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Orbital and Ocular Anatomy

Abdulrahman Al-Muammar, MD, FRCSC


King Saud University
Periorbital Sinuses
The eyes lie within two bony
orbits, located on either side of
the root of the nose.
They border the nasal cavity
anteriorly and the ethmoidal air
cells and the sphenoid sinus
posteriorly.
The lateral walls border the
middle cranial, temporal, and
pterygopalatine fossae.
Superior to the orbit are the
anterior cranial fossa and the
frontal and supraorbital sinus.
The maxillary sinus and the
palatine air cells are located
inferiorly.
Orbital Volume
The volume of each adult orbit
is slightly less than 30 cc
The orbital entrance averages
about 35 mm in height and 45
mm in width. The maximum
width is about 1 cm (behind the
anterior orbital margin)
In adults, the depth of the orbit
varies from 40 to 45 mm from
the orbital entrance to the orbital
apex
Both race and sex affect each of
these measurements.
Bony Orbit
Seven bones make
up the bony orbit:
Frontal
Zygomatic
Maxillary
Ethmoidal
Sphenoid
Lacrimal
Palatine
Orbital Roof
The orbital roof
formed from both
the orbital plate of
the frontal bone and
the lesser wing of
the sphenoid bone.
Lacrimal gland
Fovea trochlearis
Medial Orbital Wall
Then medial wall of the
orbit is formed from four
bones:
Frontal process of the
maxillary
Lacrimal
Orbital plate of the
ethmoidal
Lesser wing of the
sphenoid
Lacrimal fossa
Lamina papyracea
Orbital Floor
The floor of the orbit
is formed from three
bones:
Maxillary
Palatine
Orbital plate of the
zygomatic
Infraorbital groove
Inferior oblique
muscle
Lateral Orbital Wall
Formed from two
bones:
Zygomatic
Greater wing of the
sphenoid
Thickest and
strongest
Lateral orbital
tubercle (Whitnall’s
tubercle)
Orbital Foramina
The optic foramen
The supraorbital foramen, or
notch
The anterior ethmoidal
foramen
The posterior ethmoidal
foramen
The zygomatic foramen
Nasolacrimal duct
Infraorbital canal
Superior orbital fissure
Inferior orbital fissure
Extraocular Muscles
The four recti and
two oblique muscles
All are supplied by
oculomotor nerve III
except superior
oblique (Trochlear
N) and lateral rectus
(Abducens)
Optic nerve
The optic nerve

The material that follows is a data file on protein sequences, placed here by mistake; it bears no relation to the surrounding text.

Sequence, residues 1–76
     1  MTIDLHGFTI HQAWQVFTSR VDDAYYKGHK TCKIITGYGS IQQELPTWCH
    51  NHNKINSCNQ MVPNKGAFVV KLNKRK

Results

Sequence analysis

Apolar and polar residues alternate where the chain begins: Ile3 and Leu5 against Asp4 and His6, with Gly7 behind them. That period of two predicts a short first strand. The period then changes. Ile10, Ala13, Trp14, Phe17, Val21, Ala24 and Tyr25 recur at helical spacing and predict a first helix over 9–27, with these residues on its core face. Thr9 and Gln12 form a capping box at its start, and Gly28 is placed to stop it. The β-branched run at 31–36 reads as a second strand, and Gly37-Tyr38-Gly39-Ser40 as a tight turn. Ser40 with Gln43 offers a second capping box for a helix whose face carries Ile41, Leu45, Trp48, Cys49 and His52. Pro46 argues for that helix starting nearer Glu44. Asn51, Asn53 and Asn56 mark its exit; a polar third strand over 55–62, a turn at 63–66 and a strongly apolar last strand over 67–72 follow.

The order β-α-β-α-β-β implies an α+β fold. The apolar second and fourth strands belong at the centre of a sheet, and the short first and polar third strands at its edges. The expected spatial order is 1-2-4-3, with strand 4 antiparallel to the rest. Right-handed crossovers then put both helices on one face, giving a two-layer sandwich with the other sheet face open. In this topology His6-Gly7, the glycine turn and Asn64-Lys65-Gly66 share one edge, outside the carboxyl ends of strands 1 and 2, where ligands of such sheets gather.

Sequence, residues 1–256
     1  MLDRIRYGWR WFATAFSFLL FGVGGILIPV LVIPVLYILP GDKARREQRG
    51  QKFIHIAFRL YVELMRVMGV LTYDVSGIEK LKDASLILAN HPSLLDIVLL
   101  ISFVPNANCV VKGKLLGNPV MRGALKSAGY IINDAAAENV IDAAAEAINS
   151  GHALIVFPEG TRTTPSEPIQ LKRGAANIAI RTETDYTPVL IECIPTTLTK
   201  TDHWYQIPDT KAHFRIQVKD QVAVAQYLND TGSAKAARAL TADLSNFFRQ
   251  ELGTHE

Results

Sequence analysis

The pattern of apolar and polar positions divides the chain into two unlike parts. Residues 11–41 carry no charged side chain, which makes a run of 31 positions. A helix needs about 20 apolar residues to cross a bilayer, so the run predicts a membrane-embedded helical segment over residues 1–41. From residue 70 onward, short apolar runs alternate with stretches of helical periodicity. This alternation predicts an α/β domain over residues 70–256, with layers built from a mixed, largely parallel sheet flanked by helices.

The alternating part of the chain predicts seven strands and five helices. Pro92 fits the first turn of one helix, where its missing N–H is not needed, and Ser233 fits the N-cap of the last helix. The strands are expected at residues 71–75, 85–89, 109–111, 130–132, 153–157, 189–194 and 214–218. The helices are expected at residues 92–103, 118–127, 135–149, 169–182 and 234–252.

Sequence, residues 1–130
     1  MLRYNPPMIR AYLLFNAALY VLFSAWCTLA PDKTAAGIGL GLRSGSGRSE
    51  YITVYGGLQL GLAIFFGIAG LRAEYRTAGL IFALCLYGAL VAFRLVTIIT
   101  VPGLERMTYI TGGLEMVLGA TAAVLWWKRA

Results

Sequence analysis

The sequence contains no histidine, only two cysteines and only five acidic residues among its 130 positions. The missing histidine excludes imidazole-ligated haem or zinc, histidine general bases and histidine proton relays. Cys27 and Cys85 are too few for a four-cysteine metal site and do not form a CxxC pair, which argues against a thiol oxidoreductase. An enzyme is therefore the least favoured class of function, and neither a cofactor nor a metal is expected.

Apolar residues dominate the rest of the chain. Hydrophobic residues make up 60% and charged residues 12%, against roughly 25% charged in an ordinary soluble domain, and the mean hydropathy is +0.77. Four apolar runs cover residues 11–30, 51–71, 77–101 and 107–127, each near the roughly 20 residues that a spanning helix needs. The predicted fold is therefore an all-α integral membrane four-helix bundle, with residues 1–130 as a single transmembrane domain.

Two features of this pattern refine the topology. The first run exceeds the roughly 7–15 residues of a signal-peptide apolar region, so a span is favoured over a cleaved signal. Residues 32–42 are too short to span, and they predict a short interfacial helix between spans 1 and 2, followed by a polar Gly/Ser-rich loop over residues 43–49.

consists of more
than 1 million axons
that originate in the
ganglion cell layer of
the retina and
extend toward the
occipital cortex
Optic Nerve
The optic nerve may be divided
into the following topographic
areas:
Intraocular portion of the optic
nerve: optic disc, or nerve
head; prelaminar; and laminar
portions

Intraorbital portion (located


within the muscle cone)

Intracanalicular portion (located


within the optic canal)

Intracranial portion (ending in


the optic chiasm)
Optic Chiasm
The chiasm measures
approximately 12 mm wide,
8 mm long in the
anteroposterior direction,
and 4 mm thick. The exact
location of the chiasm with
respect to the sella is
variable. Most of the time it is
directly superior
Within the chiasm, the fibers
coming from the nasal retina
(approximately 53% of total
fibers) cross to the opposite
side to join the
corresponding contralateral
fibers
Optic Tract
Each optic tract
contains ipsilateral
temporal and
contralateral nasal
fibers from the optic
nerves . Fibers (both
crossed and uncrossed)
from the upper retinal
projections travel
medially in the optic
tract; lower projections
move laterally.
Lateral geniculate body
The lateral geniculate body,
or nucleus, is the synaptic
zone for the higher visual
projections
It has six alternating layers
of gray and white matter.
Layers 1, 4, and 6 of the
lateral geniculate body
contain axons from the
contralateral optic nerve.
Layers 2, 3, and 5 arise from
the ipsilateral optic nerve
Optic radiations
The optic radiations connect
the lateral geniculate body
with the cortex of the
occipital lobe
The fibers of the optic
radiations leave the lateral
geniculate body and run
around the temporal horn of
the lateral ventricle,
approaching the anterior tip
of the temporal lobe (the so-
called loop of Meyer)
Visual cortex
The visual cortex, the thinnest
area of the human cerebral
cortex
Macular function is extremely
well represented in the visual
cortex and occupies the most
posterior position at the tip of
the occipital lobe
The posterior cerebral artery, a
branch of the basilar artery,
supplies the visual cortex
almost exclusively. The blood
supply to the occipital lobe does
show anatomical variation,
however, with the middle
cerebral artery making a
contribution in some persons.
Cranial Nerve III (Oculomotor)
It supplies all the extraocular muscles
except the superior oblique and the
lateral rectus
It also carries cholinergic innervation to
the pupillary sphincter and the ciliary
muscle
Cranial Nerve III
The CN III nucleus consists of several
distinct, large motor cell subnuclei, each
of which subserves the extraocular
muscle it innervates
The Edinger-Westphal nucleus provides
the parasympathetic preganglionic
efferent innervation to the ciliary muscle
and pupillary sphincter
Cranial Nerve III
CN III usually divides into
superior and inferior
divisions after passing
through the annulus of Zinn
in the orbit
The superior division of CN
III innervates the superior
rectus and levator palpebrae
muscles. The larger inferior
division splits into three
branches to supply the
medial and inferior rectus
muscles and the inferior
oblique.
Cranial Nerve III
The parasympathetic
fibers wind around the
periphery of the nerve
Enter the inferior
division, and course
through the branch that
supplies the inferior
oblique muscle. They
join the ciliary ganglion
They synapse with the
postganglionic fibers,